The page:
Location, location, location critical in Parkinson’s disease
Dr. Andres Lozano, distinguished neurosurgeon, professor and RR Tasker Chair in Functional Neurosurgery at the University of Toronto addressed over 120 attendees at the Donald Calne Lecture hosted by Parkinson Society Canada and Parkinson Society Ottawa, on Sunday, May 16th in Ottawa at the Fairmont Chateau Laurier.
Dr. Lozano, who was the first surgeon in North America to perform deep brain stimulation (DBS) surgery, brought his audience up to date on advances in DBS, the breakthrough surgery that has improved quality of life for many people with Parkinson’s. He also provided an overview of novel surgical approaches being tried, including: transplantation of dopamine-producing cells into the brain; stem cell therapy; gene therapy and trophic factors therapy. He said that, even more experimentally, researchers are looking into spinal cord stimulation and using new techniques such as shining a special light into the brain to activate or silence neurons.
Noting the absence of treatments that will slow Parkinson’s disease or stop it, Lozano said there is an urgent need to develop therapies that can put the brakes on the disease. “As neurosurgeons we are interested in seeking out misbehaving cells by mapping the brain and looking for them. Just as in real estate, the three most important things are location, location, location,” said Lozano. “We spend a lot of time figuring out where to go and getting individual neurons to reveal their secrets to us.”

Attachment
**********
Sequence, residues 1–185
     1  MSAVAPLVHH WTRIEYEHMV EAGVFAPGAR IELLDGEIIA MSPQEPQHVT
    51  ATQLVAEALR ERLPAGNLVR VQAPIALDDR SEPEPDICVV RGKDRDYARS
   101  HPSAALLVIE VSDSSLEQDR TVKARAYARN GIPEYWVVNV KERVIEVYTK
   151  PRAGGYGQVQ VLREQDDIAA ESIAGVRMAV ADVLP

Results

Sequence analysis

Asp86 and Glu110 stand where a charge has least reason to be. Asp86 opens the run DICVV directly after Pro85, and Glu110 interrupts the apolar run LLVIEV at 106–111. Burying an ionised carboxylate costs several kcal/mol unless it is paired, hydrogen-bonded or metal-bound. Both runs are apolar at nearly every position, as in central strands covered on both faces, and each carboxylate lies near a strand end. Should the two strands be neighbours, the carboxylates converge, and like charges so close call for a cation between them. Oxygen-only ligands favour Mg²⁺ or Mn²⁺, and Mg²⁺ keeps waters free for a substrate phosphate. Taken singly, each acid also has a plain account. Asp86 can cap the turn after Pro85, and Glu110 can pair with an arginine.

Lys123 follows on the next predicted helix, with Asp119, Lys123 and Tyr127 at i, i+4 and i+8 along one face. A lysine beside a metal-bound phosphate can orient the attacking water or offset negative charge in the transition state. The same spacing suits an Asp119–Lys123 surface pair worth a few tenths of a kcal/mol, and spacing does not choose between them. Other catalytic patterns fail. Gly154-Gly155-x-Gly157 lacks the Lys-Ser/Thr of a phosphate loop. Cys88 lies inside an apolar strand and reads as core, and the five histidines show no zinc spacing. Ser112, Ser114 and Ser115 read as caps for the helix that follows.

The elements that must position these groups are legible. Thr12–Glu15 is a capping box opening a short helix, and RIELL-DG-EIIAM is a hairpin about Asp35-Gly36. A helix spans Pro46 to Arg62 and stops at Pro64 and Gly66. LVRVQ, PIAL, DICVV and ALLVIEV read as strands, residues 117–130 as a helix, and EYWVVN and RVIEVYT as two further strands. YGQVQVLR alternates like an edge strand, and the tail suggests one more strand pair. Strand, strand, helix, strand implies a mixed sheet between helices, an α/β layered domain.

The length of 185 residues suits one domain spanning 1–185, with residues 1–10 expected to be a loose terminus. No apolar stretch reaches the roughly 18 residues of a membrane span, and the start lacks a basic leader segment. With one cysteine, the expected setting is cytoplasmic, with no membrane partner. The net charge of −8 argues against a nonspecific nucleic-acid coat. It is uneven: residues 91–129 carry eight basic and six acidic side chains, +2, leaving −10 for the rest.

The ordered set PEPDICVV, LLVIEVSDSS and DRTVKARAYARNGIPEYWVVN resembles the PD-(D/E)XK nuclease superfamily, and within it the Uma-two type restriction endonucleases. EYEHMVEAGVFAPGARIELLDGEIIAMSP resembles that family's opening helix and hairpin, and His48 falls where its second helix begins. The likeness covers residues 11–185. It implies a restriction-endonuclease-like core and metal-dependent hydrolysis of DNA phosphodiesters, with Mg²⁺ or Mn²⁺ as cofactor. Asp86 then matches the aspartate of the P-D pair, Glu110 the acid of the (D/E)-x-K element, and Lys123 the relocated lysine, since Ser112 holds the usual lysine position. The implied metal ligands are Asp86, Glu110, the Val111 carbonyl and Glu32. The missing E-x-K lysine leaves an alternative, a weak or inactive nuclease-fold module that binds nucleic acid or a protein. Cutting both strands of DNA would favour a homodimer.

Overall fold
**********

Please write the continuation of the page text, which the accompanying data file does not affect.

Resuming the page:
“As we travel from one site to another, we are able to stop and listen to the language of the brain and we are able to see that the neurons fire with different patterns. Just as when you travel from country to country in Europe, going from Spain to Portugal, from France to Italy, over the course of time, we can tell where we are and we can understand the language of the brain, making surgery safer and more successful,” he added.
Every time a tremor cell fires in the brain, it causes a tremor. If neuroscientists can put an electrode in the middle of the brain and turn on electricity through the electrode in the cells in the brain, they can control the tremor. Lozano noted more research is needed into this and other aspects of Parkinson’s. “We’ve become good at treating tremor, rigidity and slow movement. We’re not good at treating the non-motor aspects of Parkinson’s, such as depression, posture, cognition, sleep, olfaction (sense of smell), sexual dysfunction and speech.” These are areas for future investigation.
Our thanks to Rx&D who sponsored this year’s Donald Calne Lecture.
The Donald Calne Lecture was recorded and is available on Parkinson Society Canada’s website.